Conflicted

By: Shannon Ralph

the debate between two moms over a double date

My daughter misses me. No, I haven’t gone anywhere. As a matter of fact, I sleep in the same room with Sophie most nights when she creeps upstairs to snuggle up in my bedroom chair. Regardless, she misses me.

I can tell she misses me when she begs me for “one more” hug and kiss at bedtime. I can tell that she misses me when she declares that she doesn’t want to see the new Farm Babies at the zoo without me. I can tell she misses me when she asks me longingly when we will bake together again. I can tell she misses me when she looks up at me with her big blue eyes and begs me to “cuddle-bug” with her.

I am still here. Only, I am not. At least, not like I used to be. For the first time since my daughter was born, I am working a full-time job. Only, it’s not just a job. It’s a ten-hours-a-day, putting-out-fires-at-5:00-on-a-Friday, checking-email-on-the-weekends, rushing-home-just-in-time-for-nothing-more-than-baths-homework-bedtime, mentally-consuming kind of job. It’s the kind of job that instantly makes the other parent the “fun mom.” The kind of job that instantly makes the other parent the “school mom.” And the “birthday party mom.” And the “library mom.” And the…well, the “mom” mom. I am the working mom. I am the missing-out mom. I am the absent mom. I am the half-ass mom. At least that is what I feel like when my daughter walks up and closes my laptop as I am working at home. I am the checked-out mom.

I know my sons miss having me around. I know they love me and cherish the time that we spend together. My daughter, however, is different. She aches for time with me. I can feel it. She doesn’t understand why mommy no longer has the time to bake cakes and paint toenails and play dress-up. She misses being a girly girl with her mommy. And I miss her. I desperately long to be with her.

So why am I working? Simply put, I like my job. I like getting out of the house. I like going somewhere where I feel intelligent. And validated. Where my opinion is sought and valued. I enjoy talking to adults. I enjoy utilizing my vocabulary. I like conference calls and PowerPoint presentations and working lunches. I enjoy wearing clothes that are not stained with juice and caked with snot.  I relish solving problems more complex than fruit snacks versus goldfish crackers. I enjoy my job.

So what does that make me? What does it say about me that I made the conscious choice to spend less time with my children? To spend precious hours on this Earth away from the tiny creatures I love more than anything. To look my daughter in the eye and say, “Mommy will paint your toenails tomorrow,” knowing full well that tomorrow will be no different than today. What kind of mother does that make me?

An agonizingly conflicted mother.

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Comments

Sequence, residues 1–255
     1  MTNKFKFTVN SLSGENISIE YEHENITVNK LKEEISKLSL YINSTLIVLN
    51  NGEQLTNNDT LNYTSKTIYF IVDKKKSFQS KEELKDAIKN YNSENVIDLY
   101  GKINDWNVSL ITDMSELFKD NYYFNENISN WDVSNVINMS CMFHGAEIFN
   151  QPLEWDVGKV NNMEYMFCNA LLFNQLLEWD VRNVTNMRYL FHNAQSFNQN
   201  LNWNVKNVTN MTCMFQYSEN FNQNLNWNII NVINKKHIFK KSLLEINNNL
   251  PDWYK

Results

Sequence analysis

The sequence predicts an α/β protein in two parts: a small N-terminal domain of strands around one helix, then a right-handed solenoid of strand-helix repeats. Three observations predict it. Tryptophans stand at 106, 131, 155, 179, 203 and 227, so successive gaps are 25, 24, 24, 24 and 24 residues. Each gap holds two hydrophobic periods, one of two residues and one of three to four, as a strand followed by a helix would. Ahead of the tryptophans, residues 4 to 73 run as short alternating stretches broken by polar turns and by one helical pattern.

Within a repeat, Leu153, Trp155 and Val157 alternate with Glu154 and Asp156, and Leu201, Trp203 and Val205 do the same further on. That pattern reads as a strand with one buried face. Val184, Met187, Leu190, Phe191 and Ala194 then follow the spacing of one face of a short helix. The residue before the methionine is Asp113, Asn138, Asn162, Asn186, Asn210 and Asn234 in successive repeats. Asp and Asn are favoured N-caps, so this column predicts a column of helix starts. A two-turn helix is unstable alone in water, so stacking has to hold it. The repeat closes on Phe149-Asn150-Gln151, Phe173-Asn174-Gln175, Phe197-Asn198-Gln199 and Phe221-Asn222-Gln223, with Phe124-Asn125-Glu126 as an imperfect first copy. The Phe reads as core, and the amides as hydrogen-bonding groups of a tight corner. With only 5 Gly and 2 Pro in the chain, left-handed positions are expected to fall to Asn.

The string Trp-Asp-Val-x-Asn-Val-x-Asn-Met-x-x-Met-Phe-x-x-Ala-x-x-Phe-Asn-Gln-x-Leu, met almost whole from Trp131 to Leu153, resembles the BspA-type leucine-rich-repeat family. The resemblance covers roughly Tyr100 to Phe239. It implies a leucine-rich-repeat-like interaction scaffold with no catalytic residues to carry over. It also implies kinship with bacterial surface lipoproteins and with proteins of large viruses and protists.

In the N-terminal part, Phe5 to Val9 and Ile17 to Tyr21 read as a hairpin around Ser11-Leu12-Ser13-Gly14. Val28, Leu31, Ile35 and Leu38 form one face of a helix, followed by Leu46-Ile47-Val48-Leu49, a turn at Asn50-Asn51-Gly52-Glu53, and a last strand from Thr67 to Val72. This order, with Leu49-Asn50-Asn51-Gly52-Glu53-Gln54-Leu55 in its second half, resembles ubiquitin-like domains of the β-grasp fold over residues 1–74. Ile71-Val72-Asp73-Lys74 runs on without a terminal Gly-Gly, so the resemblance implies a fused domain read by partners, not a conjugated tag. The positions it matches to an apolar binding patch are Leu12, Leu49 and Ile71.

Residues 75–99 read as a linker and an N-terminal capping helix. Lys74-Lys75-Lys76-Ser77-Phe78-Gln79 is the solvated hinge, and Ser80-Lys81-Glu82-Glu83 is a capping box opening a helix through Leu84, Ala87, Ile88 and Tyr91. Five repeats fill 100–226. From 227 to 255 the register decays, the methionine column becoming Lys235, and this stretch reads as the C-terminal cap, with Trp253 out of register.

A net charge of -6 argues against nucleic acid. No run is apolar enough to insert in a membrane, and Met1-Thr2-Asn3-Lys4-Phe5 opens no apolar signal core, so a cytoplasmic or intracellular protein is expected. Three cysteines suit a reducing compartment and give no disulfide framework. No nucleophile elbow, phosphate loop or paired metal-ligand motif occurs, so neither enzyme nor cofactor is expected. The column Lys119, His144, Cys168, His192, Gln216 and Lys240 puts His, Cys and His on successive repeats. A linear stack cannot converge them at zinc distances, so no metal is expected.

1. Madgew says

    Shannon, by working you are making their lives better. I am sure when they grow up they will see the fruits of your labor. They will have money for college and for treats and prom dresses and tuxedo’s and other things they want rather than need. They will appreciate that you worked and maintained your intelligence. It will make you an even better Mom. I went to work when my kids were 5 and 7 and I did all the late pickups from sporting practices and tried my best to get to their activities. Was I tired you bet but I found a balance-you will too. You are a great mom. Can’t wait to meet all of you in May when I visit.

  2. Samantha says

    Nicely said. I think most parents that work outside the home struggle with the same battle you describe. In our home, my partner and I both work full time and attend school (me part time and she full time). We try to make sure to let our daughter know that work and school are not her competition by giving her a little extra snuggle time or reading her that extra bedtime story or playing her favorite game. When she’s awake and we’re home, she’s first. This might mean that we have to bust our asses with work/school once she’s in bed, but it certainly makes for a happier daughter and, ultimately, a happier us. That said, I too am guilty of pushing of nail painting to the following day knowing full well I will not get to it. Such is life. There has to a balance. There has to be give and take. Chin up. You’re not doing anything wrong.

  3. Brandy Black says

    This made me cry. Surprise. Surprise. I just started work up this week and it’s been rough. I always appreciate your thoughts Shannon.
    You are an amazing mom.

  4. Kathy Mcglothlin says

    A mother’s heart will always be conflicted. If your a stay at home mom you worry if your doing the best for your children every night when you lay your head on your pillow. The same holds true for working mom’s. All of us have to remember that there is no replacement for a hug. Or a well-deserved “good job”. You must take care if yourself first so you will be able to be all you can be for your children. And your employer. Your doing the best you can Shannon and Ruanita. Your both wonderful people and fantastic parents!

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